Gun violence in the US

Community outrage mounts as autopsy challenges police account of fatal Sacramento shooting of Stephon Clark

Dr Bennet Omalu determined Clark was shot seven times from behind and took three to 10 minutes to die. Officers waited about five minutes before rendering medical aid

PUBLISHED : Saturday, 31 March, 2018, 3:59pm
UPDATED : Saturday, 31 March, 2018, 4:01pm

Sacramento police shot Stephon Clark seven times from behind, according to autopsy results released on Friday by a pathologist hired by Clark’s family, a finding that calls into question the department’s assertion the 22-year-old black man was facing officers and moving toward them when he was killed.

Dr Bennet Omalu also determined Clark took three to 10 minutes to die. Police waited about five minutes before rendering medical aid.

“The proposition that has been presented that he was assailing the officers, meaning he was facing the officers, is inconsistent with the prevailing forensic evidence,” Omalu said at a news conference with family lawyer Benjamin Crump.

He said it was not clear if Clark would have survived had he got immediate medical attention.

Sacramento police responded with a brief statement that said the department had not yet received an official autopsy report from the Sacramento County coroner’s office. It said the coroner’s death investigation is independent from the investigation being conducted by police and the state Department of Justice.

A day after the March 18 shooting, police distributed a press release that said the officers who shot Clark “saw the suspect facing them, advance forward with his arms extended, and holding an object in his hands”.

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Police video of the shooting does not clearly capture all that happened after Clark ran into his grandmother’s backyard. He initially moved toward the officers, who are peeking out from behind a corner of the house, but it is not clear he is facing them or that he knows they are there when they open fire after shouting “gun, gun, gun”.

After 20 shots, officers call to him, apparently believing he might still be alive and armed. They eventually approach and find no gun, just a cellphone.

The shooting has produced almost daily angry but peaceful protests in the downtown area of California’s capital city. The autopsy heightened calls for justice and scepticism toward police among community activists.

“Generally speaking, part of the outrage in the community is not only for this shooting but it’s for all police shootings that are happening of unarmed people,” said Dale Galipo, another Clark family lawyer. “One of the big questions we all have to ask is: ‘What do we need to do for these shooting to stop?’”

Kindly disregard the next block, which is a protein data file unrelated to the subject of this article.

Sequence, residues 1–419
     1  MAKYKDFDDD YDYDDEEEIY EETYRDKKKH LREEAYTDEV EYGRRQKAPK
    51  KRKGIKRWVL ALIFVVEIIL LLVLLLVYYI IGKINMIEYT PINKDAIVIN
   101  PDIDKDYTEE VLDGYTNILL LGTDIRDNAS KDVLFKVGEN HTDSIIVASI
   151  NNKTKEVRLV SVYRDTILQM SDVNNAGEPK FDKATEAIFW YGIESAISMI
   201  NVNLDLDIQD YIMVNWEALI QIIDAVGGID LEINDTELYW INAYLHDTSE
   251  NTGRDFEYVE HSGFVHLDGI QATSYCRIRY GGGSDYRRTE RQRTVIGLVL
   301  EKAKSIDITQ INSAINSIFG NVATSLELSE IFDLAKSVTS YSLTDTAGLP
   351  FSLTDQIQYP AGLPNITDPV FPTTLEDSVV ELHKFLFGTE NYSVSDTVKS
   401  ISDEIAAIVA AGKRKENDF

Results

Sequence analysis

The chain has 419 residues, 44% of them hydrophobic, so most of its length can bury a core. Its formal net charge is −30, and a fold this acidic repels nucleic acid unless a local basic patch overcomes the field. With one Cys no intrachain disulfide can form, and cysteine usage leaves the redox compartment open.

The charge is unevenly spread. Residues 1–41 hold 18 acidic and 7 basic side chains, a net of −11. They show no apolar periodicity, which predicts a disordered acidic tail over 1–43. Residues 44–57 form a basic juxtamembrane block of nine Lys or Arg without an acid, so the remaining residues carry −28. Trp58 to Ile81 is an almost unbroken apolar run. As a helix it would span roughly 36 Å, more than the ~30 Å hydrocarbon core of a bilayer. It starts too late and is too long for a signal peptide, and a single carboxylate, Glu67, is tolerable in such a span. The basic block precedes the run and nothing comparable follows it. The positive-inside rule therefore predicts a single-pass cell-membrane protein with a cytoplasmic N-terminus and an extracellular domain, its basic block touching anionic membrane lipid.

Black Lives Matter Sacramento planned a protest Friday night outside City Hall and other actions were possible.

“You’ll probably see a little bit of everything,” said Berry Accius, a community activist. “But that’s not for me to say, it’s for the people to decide.”

Governor Jerry Brown issued his first statement on the situation on Friday, calling it a tragic death that “raises a number of very serious questions and I support the California Attorney General’s independent oversight of the investigation”.

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Police were called to the South Sacramento neighbourhood on March 18 after a neighbour reported someone was breaking car windows. A police helicopter identified a suspect, who ran as police on the ground gave chase.

The helicopter video shows the two officers at the corner of Clark’s grandmother’s house and Clark on the backyard patio. He moves toward the officers’ position as they peer around the corner and open fire. Clark staggers sideways and falls on his stomach as officers continue shooting.

Omalu, whose study of a degenerative brain condition in American football players prompted the NFL to adopt new safety rules designed to prevent concussions, said any of the six bullets that hit Clark in the back and one in the neck could have been the fatal shot. An eighth bullet went into Clark’s thigh.

The autopsy was released a day after an emotional funeral service. Reverend Al Sharpton delivered the eulogy and praised demonstrators for their restraint and urged them to follow the lead of the Martin Luther King Jnr and his advocacy of non-violent protest.

Later in the day, police in riot gear stood waiting outside the Golden 1 Centre as fans wove through barricades and fencing to enter a Sacramento Kings-Indiana Pacers game. Twice since the shooting, demonstrators had blocked thousands of fans from entering the area.

But protesters did not come to the arena on Thursday night, heeding calls from Clark’s brother, Stevante Clark, and Black Lives Matter organisers to avoid the arena.

Instead, they blocked rush hour traffic on nearby downtown streets.

The Kings and their owner have supported the family.

Players Vince Carter, Garrett Temple and Doug Christie, a retired player, plan to appear Friday night at a youth forum staged as part of a new partnership with the Build Black Coalition and Black Lives Matter Sacramento to increase education and workforce training for black youth. Former Kings player Matt Barnes attended the funeral and helped pay for it.